convey

[ kuhn-vey ]
/ kənˈveɪ /

verb (used with object)

to carry, bring, or take from one place to another; transport; bear.
to communicate; impart; make known: to convey a wish.
to lead or conduct, as a channel or medium; transmit.
Law. to transfer; pass the title to.
Archaic. steal; purloin.
Obsolete. to take away secretly.

Origin of convey

1250–1300; Middle English conveyen < Anglo-French conveier < Vulgar Latin *conviāre, equivalent to con- con- + -viāre, derivative of via way; see via
Related formscon·vey·a·ble, adjectivepre·con·vey, verb (used with object)qua·si-con·veyed, adjectivewell-con·veyed, adjective

Synonym study

1. See carry.
Dictionary.com Unabridged Based on the Random House Unabridged Dictionary, © Random House, Inc. 2019

Examples from the Web for conveyable

British Dictionary definitions for conveyable

convey

/ (kənˈveɪ) /

verb (tr)

to take, carry, or transport from one place to another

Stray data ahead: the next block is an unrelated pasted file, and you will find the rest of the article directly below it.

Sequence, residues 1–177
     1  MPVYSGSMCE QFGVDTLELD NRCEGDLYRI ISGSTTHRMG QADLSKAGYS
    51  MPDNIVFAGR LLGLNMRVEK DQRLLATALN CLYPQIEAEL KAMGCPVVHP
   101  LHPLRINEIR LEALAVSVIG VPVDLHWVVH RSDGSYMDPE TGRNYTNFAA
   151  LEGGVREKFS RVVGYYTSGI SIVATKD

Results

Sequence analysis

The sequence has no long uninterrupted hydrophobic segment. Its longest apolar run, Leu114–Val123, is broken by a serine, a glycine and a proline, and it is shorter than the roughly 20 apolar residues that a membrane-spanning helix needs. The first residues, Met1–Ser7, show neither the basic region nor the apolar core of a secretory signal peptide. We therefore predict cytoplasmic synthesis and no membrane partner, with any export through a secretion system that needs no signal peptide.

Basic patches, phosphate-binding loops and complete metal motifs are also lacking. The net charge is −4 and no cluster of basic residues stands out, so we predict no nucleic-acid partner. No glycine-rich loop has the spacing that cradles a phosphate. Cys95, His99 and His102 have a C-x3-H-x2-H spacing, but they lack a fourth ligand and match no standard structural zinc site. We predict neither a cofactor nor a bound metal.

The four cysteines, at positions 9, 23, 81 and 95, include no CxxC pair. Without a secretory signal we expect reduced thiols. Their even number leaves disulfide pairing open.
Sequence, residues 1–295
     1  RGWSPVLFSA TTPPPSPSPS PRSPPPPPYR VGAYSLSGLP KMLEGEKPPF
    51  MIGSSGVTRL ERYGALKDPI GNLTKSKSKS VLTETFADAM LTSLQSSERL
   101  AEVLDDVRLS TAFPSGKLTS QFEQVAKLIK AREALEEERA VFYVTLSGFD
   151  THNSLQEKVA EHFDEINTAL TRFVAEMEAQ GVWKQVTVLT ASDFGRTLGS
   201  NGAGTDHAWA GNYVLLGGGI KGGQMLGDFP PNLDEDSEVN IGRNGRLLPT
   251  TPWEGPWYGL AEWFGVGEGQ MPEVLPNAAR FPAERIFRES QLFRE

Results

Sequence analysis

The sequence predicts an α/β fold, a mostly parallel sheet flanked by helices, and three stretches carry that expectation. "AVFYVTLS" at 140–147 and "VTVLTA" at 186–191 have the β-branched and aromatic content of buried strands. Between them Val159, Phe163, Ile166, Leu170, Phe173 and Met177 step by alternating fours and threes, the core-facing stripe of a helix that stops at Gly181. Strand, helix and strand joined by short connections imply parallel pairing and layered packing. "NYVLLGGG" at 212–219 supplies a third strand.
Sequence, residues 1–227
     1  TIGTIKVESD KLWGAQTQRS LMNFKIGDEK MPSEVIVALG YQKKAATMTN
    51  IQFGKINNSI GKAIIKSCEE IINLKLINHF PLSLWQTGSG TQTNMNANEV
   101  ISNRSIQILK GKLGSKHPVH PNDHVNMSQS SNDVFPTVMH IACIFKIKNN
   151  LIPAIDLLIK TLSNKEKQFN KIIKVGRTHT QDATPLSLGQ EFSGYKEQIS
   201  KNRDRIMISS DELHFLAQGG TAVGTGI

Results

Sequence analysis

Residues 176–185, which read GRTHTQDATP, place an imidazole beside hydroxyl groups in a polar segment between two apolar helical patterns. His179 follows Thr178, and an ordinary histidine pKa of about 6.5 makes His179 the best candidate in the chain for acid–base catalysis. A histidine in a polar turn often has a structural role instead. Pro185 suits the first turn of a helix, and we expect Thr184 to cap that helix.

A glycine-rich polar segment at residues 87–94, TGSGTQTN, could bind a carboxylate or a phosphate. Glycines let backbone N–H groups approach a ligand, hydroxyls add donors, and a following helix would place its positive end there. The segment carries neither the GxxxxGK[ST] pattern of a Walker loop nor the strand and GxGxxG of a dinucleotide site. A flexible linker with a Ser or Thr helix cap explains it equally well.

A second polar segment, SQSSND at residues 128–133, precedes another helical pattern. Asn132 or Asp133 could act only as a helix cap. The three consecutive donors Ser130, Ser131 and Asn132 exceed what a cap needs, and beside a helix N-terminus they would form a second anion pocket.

to communicate (a message, information, etc)
(of a channel, path, etc) to conduct, transmit, or transfer
law to transmit or transfer (the title to property)
archaic to steal
Derived Formsconveyable, adjective

Word Origin for convey

C13: from Old French conveier, from Medieval Latin conviāre to escort, from Latin com- with + via way
Collins English Dictionary - Complete & Unabridged 2012 Digital Edition © William Collins Sons & Co. Ltd. 1979, 1986 © HarperCollins Publishers 1998, 2000, 2003, 2005, 2006, 2007, 2009, 2012

Word Origin and History for conveyable

convey


v.

c.1300, "to go along with;" late 14c., "to carry, transport;" from Anglo-French conveier, from Old French convoier "to escort" (Modern French convoyer), from Vulgar Latin *conviare "to accompany on the way," from Latin com- "together" (see com-) + via "way, road" (see via). It was a euphemism for "steal" 15c.-17c., which helped broaden its meaning. Related: Conveyed; conveying.

Online Etymology Dictionary, © 2010 Douglas Harper